What is Future Delivery?

High “Future Delivery” and Annual memberships/payments can often be considered high-risk. Scroll down to learn why.

What is Future Delivery?

You may be wondering, “why is an annual membership risky?” – great question! First, let’s define a term that we can use throughout this discussion. Whenever you (the merchant) sell a good/service that you haven’t delivered yet, then you are engaging in future delivery. Just like it sounds, future delivery means that you’ve taken a payment today for a good/service you’ll deliver in the future. This is normal in some circumstances – when you purchase an airline ticket, it almost always has “future delivery” since most consumers make that purchase weeks/months ahead of time. So why is that risky? Scroll on.

Why is Future Delivery Riskier?

According to the card association guidelines, virtually all credit card transactions offer customers a 6-month window to dispute their transactions if they’re dissatisfied for any reason. This is built in to all credit cards as a method of consumer protection. This means that for any given transaction, your customers have 6 months to dispute the transaction after the goods/services are delivered. So in a normal product-purchase scenario where a customer walks away with their goods/services in hand, a consumer has 6 months to call their bank and complain/dispute.

But as you can see – if you’re selling a good/service that isn’t being delivered for an extended period of time, then the window of “future delivery” just got extended! If you sell a service in January that you don’t deliver until June – the customer effectively has a full YEAR to dispute the sale, since the service won’t be delivered until June. Then, they could wait six MORE months to dispute the original purchase. So instead of having a potential chargeback on the books for six months, now it’s there for a year. Historically, the more time customers have to dispute things, the more likely they are to do so.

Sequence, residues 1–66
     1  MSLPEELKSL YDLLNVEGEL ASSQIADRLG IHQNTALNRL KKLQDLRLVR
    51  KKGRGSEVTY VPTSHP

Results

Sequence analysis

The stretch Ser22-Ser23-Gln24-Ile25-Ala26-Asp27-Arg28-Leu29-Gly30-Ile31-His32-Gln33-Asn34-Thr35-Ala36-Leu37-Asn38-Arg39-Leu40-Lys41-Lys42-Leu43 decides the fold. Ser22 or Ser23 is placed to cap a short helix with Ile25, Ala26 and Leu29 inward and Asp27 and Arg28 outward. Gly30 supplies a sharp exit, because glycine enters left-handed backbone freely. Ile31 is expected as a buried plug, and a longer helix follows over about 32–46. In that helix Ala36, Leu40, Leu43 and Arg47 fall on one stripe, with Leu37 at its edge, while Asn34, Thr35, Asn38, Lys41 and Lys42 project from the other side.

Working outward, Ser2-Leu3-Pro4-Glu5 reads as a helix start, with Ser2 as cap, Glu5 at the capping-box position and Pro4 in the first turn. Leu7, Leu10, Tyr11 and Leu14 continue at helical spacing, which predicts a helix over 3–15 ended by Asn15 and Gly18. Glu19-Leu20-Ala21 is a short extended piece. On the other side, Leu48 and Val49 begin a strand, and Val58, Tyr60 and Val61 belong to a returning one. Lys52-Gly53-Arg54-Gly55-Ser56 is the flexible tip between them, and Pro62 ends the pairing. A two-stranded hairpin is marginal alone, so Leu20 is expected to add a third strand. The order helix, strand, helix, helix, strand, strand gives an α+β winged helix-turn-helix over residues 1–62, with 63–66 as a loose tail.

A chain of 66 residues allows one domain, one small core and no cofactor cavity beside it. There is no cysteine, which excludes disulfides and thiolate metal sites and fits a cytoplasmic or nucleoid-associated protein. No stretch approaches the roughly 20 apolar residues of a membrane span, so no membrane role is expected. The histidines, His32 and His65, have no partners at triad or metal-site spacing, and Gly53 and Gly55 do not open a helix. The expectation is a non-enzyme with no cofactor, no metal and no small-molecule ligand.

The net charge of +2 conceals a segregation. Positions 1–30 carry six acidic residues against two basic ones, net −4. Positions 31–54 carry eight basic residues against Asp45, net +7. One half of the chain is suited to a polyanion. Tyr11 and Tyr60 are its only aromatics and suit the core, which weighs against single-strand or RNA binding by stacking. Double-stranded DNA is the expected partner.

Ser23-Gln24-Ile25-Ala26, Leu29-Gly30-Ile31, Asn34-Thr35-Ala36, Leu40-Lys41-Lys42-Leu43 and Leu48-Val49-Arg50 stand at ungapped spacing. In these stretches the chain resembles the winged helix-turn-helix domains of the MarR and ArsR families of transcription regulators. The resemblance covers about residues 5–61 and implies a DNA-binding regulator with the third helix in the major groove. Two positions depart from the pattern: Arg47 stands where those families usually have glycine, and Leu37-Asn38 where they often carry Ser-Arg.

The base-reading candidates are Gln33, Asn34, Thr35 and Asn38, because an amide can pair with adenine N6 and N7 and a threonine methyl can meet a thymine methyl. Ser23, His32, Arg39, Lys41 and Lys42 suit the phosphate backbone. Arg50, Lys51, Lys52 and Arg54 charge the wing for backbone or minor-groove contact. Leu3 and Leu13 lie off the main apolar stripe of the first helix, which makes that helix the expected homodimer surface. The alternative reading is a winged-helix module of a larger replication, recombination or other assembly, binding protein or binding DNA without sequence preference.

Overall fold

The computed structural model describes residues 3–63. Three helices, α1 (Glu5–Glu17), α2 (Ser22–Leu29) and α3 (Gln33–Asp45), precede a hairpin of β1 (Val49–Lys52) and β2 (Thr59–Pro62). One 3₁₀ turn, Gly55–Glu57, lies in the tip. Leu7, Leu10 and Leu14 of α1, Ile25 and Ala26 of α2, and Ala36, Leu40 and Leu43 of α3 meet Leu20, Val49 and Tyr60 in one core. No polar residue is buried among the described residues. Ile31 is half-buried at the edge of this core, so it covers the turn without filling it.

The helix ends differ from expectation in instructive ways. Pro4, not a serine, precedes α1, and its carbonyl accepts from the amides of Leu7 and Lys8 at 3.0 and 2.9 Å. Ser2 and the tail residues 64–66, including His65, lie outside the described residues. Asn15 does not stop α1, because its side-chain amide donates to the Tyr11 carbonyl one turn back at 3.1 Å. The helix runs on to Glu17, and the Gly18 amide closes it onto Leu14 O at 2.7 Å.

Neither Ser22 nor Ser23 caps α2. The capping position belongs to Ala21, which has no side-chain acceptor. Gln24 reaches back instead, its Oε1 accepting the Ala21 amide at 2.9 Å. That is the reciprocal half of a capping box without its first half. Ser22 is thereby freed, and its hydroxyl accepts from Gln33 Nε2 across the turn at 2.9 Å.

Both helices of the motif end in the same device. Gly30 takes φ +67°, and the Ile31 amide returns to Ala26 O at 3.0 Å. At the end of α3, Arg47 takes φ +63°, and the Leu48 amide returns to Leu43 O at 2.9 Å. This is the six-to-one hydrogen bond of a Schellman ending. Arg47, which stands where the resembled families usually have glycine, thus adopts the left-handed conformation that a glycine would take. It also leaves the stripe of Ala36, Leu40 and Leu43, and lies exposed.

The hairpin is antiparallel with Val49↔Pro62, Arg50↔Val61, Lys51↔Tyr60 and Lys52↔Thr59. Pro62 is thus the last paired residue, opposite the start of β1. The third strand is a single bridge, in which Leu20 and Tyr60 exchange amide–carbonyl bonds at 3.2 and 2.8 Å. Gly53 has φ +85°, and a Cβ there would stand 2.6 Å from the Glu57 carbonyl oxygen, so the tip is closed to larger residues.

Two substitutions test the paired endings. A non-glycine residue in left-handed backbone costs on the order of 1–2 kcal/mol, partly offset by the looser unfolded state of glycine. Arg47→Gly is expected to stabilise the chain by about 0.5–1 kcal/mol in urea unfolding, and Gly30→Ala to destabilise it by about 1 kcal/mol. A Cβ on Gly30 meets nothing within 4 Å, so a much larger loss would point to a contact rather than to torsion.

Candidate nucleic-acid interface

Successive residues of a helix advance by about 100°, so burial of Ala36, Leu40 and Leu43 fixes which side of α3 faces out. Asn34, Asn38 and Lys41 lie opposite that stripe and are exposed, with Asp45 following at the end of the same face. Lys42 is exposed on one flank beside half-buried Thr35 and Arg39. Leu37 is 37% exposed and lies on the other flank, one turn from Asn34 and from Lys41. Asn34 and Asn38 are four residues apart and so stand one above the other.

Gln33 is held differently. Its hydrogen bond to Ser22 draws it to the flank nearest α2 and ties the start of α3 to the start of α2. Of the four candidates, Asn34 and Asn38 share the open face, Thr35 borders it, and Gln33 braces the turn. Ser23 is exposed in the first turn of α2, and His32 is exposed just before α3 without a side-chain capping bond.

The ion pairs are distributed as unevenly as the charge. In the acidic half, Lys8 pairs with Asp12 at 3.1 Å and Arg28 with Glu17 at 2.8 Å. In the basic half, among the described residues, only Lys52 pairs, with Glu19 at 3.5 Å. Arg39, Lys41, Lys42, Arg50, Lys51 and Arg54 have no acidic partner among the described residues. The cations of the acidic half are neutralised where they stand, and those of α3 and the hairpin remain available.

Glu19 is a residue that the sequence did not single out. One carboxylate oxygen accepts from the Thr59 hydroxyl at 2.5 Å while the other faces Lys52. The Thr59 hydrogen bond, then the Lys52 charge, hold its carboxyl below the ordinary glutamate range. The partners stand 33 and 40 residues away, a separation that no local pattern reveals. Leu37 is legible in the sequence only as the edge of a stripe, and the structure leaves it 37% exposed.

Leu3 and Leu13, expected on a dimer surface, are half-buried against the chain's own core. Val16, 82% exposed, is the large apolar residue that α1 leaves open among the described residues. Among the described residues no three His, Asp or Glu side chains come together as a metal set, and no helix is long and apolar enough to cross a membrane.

What Else is Risky about Future Delivery?

In addition to a customer having more time to dispute a sale, future delivery offers customers more time to change their mind. Whenever you charge a customer but don’t give them their product/service yet, you run the risk that your customer changes their mind, for whatever reason. And ultimately, it doesn’t matter what the reason is – they could have a change of heart, they could move to a new country, lose their job, whatever – if they choose to cancel their transaction, you’ll either have to honor that request, or fight the impending dispute that the customer will likely file if you don’t.

If your business has already started creating/customizing the product that the customer intended to purchase, you just lost out on a lot of time. If you had been counting on that customer’s money to purchase future inventory, you just lost those funds. As you can see – unexpected, lost sales can have a devastating impact on certain merchant types, if you sell highly customizable or expensive goods. That’s why future delivery can pose a BIG risk to certain merchant types, particularly those who sell high-ticket items, goods that can’t be sold last-minute, or custom goods that can’t be resold to a different customer. (Think: furniture, airline tickets, annual membership fees, etc).

Why are Annual Payments Risky?

We can take the concept of future delivery one step further. If you sell annual memberships/services, you as the merchant have 12 months of future delivery, plus 6 months for a customer dispute, or effectively 18 months of potential risk! A consumer who purchases an annual membership on January 1st of 2021 wouldn’t technically complete their annual membership until January 1st of 2022, and then would have six more months to dispute the original transaction.

So – for a transaction initiated in January of 2021, there’s still risk that the charge comes back all the way into June of 2022. That’s a long time! As your processor, Dharma is effectively managing this risk. What happens if your company goes out of business, and you still have 100 active annual subscriptions for products to be delivered on a monthly basis? If you aren’t making those deliveries anymore, those customers will dispute the sales, and they’ll win – leaving Dharma on the hook to repay your customers. That’s why Dharma does not allow for annual payments outside of very specific circumstances.

The one big “caveat” to annual memberships/subscriptions are for nonprofit memberships/dues. The card-associations recognize that nonprofits are much less likely to go out of business, and in addition, most consumers who purchase annual memberships/dues through a nonprofit are far less likely to be dissatisfied. So – annual dues/memberships are typically OK for nonprofits. If you have questions about any of this, just ask! We can be reached at sales@dharmams.com.